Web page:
“I found that I really loved research,” she says of her work in China, at Tougaloo and at Brown. “But I wasn’t going to stop the dream of going to medical school — so I combined both.” In the midst of her summer research program at Brown, Byrd applied to the school’s dual M.D./Ph.D. program, which she now almost has completed.
|Using the fluorescent, intercallating dye Sytox Green, Byrd is able to detect the neutrophil extracellular traps — when white blood cells throw their DNA to capture invading microbes. Scale bar is 100 µm. Photo: Angel Byrd
Studying immune response
With most of her Ph.D. research under her belt, Byrd has only the final two years of medical training left. Her Ph.D. research focuses on primary human neutrophils — white blood cells — and how they act within the body.
Recently, Byrd identified neutrophil extracellular traps — when the cells sacrifice themselves and expel their DNA like a net to capture invading bacteria or viruses. “These traps are such a new phenomenon. They’re so fragile that we didn’t have the tools to identify them,” she says. “Now, we have so many innovative ways to analyze cells, we’re actually able to see what’s really going on.” She is looking at the traps to determine how much of a good thing is too much: when the system becomes perturbed with excess inflammation or when blood vessels become clogged.
Byrd says she ultimately wants to become a pediatric endocrinologist, taking advantage of translational medicine to understand Type 2 diabetes on an individual basis and to help inform patients so that they can make appropriate lifestyle changes to improve their health. But she isn’t waiting until she has the degree to start giving back to her community.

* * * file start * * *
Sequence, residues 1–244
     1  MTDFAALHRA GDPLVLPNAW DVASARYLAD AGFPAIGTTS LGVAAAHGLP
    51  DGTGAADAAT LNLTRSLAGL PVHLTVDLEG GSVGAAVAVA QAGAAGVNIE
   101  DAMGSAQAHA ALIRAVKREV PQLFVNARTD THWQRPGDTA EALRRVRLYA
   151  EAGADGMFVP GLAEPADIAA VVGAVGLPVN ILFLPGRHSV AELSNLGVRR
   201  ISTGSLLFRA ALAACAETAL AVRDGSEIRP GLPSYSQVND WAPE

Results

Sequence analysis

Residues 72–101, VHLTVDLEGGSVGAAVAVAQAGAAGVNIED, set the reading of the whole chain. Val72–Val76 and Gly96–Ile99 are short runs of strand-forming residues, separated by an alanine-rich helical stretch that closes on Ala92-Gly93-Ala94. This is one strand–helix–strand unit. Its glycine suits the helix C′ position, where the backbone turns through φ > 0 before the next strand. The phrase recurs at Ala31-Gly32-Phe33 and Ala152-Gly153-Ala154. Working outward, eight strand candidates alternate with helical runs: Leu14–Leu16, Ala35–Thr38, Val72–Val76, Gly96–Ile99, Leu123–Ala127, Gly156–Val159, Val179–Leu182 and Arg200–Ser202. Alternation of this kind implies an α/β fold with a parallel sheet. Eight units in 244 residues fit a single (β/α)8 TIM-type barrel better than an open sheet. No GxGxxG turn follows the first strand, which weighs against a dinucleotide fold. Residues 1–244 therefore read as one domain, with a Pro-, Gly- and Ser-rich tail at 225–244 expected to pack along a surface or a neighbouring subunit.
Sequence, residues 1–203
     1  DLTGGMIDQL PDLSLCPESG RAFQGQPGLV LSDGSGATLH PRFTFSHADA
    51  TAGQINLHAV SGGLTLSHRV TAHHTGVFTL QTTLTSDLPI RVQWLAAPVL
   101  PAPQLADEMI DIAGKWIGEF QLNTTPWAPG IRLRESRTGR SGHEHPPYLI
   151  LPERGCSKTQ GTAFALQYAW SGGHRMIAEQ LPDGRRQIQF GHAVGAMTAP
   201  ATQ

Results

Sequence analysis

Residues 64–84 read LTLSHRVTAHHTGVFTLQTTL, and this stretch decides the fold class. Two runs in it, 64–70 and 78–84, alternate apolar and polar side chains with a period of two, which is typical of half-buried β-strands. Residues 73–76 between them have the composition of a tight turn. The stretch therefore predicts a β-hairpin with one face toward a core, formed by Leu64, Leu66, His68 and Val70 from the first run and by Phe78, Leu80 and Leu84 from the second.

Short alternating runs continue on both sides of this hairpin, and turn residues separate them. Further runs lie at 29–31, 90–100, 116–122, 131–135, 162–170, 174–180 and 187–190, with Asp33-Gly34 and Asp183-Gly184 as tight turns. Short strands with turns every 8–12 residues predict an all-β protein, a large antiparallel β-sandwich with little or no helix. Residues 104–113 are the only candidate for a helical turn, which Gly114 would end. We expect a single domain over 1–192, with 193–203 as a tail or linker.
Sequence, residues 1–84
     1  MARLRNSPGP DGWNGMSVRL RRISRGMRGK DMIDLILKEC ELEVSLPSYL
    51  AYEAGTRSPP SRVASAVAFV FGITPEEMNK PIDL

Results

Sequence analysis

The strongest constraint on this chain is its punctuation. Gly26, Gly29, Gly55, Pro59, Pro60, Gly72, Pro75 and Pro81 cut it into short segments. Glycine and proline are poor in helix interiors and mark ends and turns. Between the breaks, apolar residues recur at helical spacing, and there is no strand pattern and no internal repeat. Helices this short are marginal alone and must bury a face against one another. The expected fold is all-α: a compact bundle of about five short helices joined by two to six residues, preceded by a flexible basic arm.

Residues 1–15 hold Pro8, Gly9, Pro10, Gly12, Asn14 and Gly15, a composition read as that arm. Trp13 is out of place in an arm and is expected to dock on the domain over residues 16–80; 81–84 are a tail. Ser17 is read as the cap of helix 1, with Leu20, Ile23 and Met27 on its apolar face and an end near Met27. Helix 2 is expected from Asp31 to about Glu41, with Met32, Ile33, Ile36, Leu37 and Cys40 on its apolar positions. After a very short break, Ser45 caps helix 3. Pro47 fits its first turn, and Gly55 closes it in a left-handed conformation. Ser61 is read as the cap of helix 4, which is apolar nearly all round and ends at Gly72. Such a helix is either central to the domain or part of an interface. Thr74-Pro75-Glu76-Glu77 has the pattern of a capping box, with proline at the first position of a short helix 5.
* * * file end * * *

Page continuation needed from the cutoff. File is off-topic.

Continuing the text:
Community values and giving back
The first years of her dual program were “strictly the research — work, work, work,” Byrd says. She focused on her own goal to make sure she would achieve it before she started focusing on helping others reach their goals. “I knew there was a point that I had to decide when to reach back and help somebody else,” she says. Now that she sees the light at the end of the tunnel for her Ph.D., Byrd can contribute to her community in new ways.
|Angel Byrd (second from left) celebrates her achievements at the 2011 UNCF An Evening of Stars television event in Pasadena, Calif. With her are fellow awardee Eric Marks Jr. (from left), United Negro College Fund President and Chief Executive Officer Michael Lomax, Black Entertainment Television CEO Debra Lee and other awardees Delrisha White, Raavin Evans and Fatima Bodrick. Photo: BET/UNCF
“Going back to help those who are along the way in their own academic paths also is very high on my priority list,” Byrd says. She participates in the annual Leadership Alliance symposium, moderating sessions and oral presentations and working directly with undergraduates. “I try to reach back and make sure that I’m keeping that pathway open for the next generations that are coming through,” she says.
Byrd’s Christian faith is also important to her, and her involvement in the faith community is one of the driving forces behind her passion to contribute. Recently, Byrd helped organize a cotillion and beautillion, a coming-out celebration at which youth show their commitment to improving society while becoming young adults.
Still, Byrd says, “I don’t do nearly as much as I want to do and as much as I hope one day I will be able to do when I’m established in my career. I do as much as I can with different organizations where I can fit in and do something that has an impact.”